The challenge of filming Adolf Eichmann's trial

What were the arguments for and against filming the Eichmann trial? We hear a range of points of view and learn how and why the trial came to be broadcast.

The trial of Adolf Eichmann in 1961 became the first documentary series broadcast around the world. It was a historic and ground-breaking moment in revealing some of the experiences and tragedies of the holocaust and the death of some 6 million Jews. But broadcasting the trial did not come without its objections.

We hear from historian, Prof. David Cesarani who suggests that the trial was important for bringing into the open the ‘Jewish story’ and for humanising and dramatising a story so vast that it was almost inconceivable. On the other hand, Gabriel Bach, deputy prosecutor at the trial, recalls objections from a delegation of Israeli teachers to the trial and the feeling of shame they had that millions of people were destroyed without defending themselves.

Television producer Milton Fruchtman discusses how he realised the role camera could play on the impact on the evidence, potentially distracting the witnesses. Director Leo Hurwitz’s son discusses how his father's camera work lent to the tension and watchability of the trial, especially the close-ups of Eichmann's facial expressions combined with cut-aways to a shocked audience.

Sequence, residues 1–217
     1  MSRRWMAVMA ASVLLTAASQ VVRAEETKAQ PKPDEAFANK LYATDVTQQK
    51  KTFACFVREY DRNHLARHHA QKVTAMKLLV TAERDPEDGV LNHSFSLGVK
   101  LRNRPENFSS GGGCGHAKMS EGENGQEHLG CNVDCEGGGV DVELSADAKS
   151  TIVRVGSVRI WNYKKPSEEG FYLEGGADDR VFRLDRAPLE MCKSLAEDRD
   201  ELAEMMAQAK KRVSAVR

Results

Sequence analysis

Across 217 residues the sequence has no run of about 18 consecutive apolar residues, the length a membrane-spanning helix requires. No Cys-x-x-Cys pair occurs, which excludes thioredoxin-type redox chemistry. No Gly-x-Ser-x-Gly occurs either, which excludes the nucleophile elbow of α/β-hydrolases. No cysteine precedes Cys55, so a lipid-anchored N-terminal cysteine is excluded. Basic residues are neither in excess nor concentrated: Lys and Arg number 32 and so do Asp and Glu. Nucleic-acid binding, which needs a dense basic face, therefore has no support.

Teacher Notes

The trial of Adolf Eichmann revealed how rigorous the prosecution team were in the collection and credibility of evidence presented. Over 100 witnesses were selected for the trial and 16,000 documents presented.

Pose questions to students such as:

What would form a credible witness in a trial of this nature?

To what extent can live-recording of a trial impact up witnesses and defence testimony?

Extension questions could be: In what ways might the camera influence the feeling towards the accused? In this case, Adolf Eichmann. Why was the programme produced? Who produced it? How does the content impact viewers? Do you feel it is unfairly biased? Why or why not? Even if the recording is biased, in what ways is it still a useful source of history?

Extension debate could be:

"In that courtroom in Jerusalem, people heard the voices of those victims in a way that they hadn't heard them before," (Deborah Lipstadt, Professor of modern Jewish history and Holocaust studies at Emory University.)

How far do agree that the trial of Adolf Eichmann has come to characterise our impression of Holocaust history and learning?

Curriculum Notes

This clip will be relevant for teaching History. This topic appears in OCR, Edexcel, AQA, WJEC KS4/GCSE in England and Wales, CCEA GCSE in Northern Ireland and SQA National 4/5 in Scotland.